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Sarbanes-Oxley advice for smaller public companies

Smaller public companies have had more challenges when it comes to preparing for Sarbanes-Oxley. James Champy offers some tips for those trying to do more with less in achieving compliance.

Up to now, smaller public companies -- usually those with just less than $75 million in public equity -- have not been required to comply with Section 404 of the Sarbanes-Oxley Act. That section requires that a public company's management file a report on its assessment of the company's internal control over financial reporting -- including the financial work that passes through IT. It also requires the company's auditors attest to the quality of the company's internal control over financial reporting in the auditor's annual report.

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The Securities and Exchange Commission (SEC) itself has recognized the compliance challenges for smaller companies: Smaller companies typically don't have full-time financial controllers; managers in smaller companies have a broad span of control, and this could lead to management override of financial controls; and smaller companies are more dynamic and don't have well-documented processes. Your company may have a lot of work to do to produce a report that makes investors feel confident about your numbers -- even if you are the most honest company.

The SEC has given smaller companies and their auditors more time to prepare -- but time is almost up. Companies with fiscal years ending on or after Dec. 15 will have to start complying. IT is an integral part of compliance, especially for processes and systems that touch financial controls and reporting.

If you are an IT manager within a small, public company, you had better begin talking with your CFO about the controls that need to be operating within your shop and what attestations you will be asked to make. The Sarbanes-Oxley Act of 2002 requires that your CEO and CFO sign on the line that they have established and maintain "an adequate internal control structure and procedures for financial reporting," and that those procedures have been effectively implemented. (I'm quoting here from the SEC.) Most large companies look to managers down the line to confirm that any financial reports that are produced by their shop are accurate and truthful. You should be prepared for the same to happen in your company.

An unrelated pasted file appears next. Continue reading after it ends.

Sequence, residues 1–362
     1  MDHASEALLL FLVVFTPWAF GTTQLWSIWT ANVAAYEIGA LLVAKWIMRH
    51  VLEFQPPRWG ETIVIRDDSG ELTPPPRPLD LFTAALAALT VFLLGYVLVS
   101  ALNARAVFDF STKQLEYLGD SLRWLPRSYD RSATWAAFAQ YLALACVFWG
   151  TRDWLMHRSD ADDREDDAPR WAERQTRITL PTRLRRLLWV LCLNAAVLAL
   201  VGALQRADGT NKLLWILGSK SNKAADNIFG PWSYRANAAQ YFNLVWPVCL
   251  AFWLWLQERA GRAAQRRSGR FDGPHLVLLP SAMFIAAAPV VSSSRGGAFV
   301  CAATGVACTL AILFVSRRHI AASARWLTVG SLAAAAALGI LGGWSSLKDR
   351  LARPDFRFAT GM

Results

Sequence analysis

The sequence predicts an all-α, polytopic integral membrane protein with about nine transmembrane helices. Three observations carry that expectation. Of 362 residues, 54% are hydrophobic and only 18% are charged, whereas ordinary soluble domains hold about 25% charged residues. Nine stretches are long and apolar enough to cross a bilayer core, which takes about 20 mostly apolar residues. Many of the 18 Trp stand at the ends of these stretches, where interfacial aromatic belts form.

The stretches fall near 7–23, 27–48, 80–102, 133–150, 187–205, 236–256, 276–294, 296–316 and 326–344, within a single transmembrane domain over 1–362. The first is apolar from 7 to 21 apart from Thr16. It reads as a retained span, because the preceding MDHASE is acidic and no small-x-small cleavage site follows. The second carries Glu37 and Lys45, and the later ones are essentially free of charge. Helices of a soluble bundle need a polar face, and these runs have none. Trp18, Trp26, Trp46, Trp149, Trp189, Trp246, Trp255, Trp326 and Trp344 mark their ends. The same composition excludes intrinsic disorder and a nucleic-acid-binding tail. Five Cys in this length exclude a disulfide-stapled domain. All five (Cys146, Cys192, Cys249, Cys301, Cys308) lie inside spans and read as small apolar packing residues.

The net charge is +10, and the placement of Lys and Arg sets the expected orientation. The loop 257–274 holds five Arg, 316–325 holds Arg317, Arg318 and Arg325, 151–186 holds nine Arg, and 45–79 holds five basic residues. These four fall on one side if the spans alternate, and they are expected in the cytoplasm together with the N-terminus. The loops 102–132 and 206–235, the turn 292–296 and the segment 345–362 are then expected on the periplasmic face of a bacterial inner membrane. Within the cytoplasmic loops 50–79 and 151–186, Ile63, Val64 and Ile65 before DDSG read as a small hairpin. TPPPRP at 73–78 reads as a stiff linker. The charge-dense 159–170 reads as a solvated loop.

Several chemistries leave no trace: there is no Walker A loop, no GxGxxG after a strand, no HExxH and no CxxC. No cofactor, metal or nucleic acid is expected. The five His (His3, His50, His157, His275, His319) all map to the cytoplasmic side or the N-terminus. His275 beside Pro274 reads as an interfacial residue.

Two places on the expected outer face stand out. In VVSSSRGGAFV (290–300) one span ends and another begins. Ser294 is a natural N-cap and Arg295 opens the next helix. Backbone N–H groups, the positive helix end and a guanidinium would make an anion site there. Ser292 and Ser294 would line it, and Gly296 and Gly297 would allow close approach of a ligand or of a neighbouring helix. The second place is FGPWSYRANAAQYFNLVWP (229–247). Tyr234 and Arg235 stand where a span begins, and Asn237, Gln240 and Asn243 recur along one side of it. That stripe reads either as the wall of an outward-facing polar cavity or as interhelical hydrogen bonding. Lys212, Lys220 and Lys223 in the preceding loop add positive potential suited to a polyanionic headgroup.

You may argue that the IT operation is not responsible for the data and information that goes into the reports its systems generate. But don't try to quote that old IT saw, "Garbage in, garbage out" to the SEC. The SEC expects that IT will have controls and processes in place to identify any financial reporting risks that may exist because of automated systems. For example, if a computer system automatically updates accounts in a general ledger system, management is going to have to report on the risk that updating is not being properly done and that there is little risk that data can be manipulated. And if a computer system generates an exception report, management will have to attest that someone is manually investigating items in that report.

You may argue that the quality of financial systems and the processes that operate them, both automated and manual, are the responsibility of the CFO. But IT shares accountability for a lot of systems and processes.

So begin by asking hard questions about the quality of the financial systems that you run, the security that surrounds them, and who has access to those systems. Also look at how information gets into those systems, who enters the data and what happens to the output, especially if actions are required. But most importantly, begin now to document your processes. Management and your auditors will want to review these so that they can attest to their quality.

You will become familiar with the regulatory jargon of the Sarbanes-Oxley Act and the guidelines that the SEC produces for what's expected. But if you are a practical manager, you may also be thinking that all the legislation Congress can produce will not stop people from misrepresenting or bending the financial truth if they set out to do so.

It's your job to also be alert as information passes through your processes and systems: Are expenses proper, or do they violate a policy of your company, an ethical principle or the law of the land? Is revenue being appropriately booked, or is the sales organization getting ahead of itself in what it is reporting? These are the areas that have gotten most companies in trouble -- so in a practical sense, be sure that your company has the processes and systems in place to expose a wrongful deed.

James Champy is chairman of Perot Systems Corp.'s consulting practice and head of strategy for the company. He is also the author of the best-selling books Reengineering the Corporation, Reengineering Management, The Arc of Ambition and X-Engineering the Corporation.

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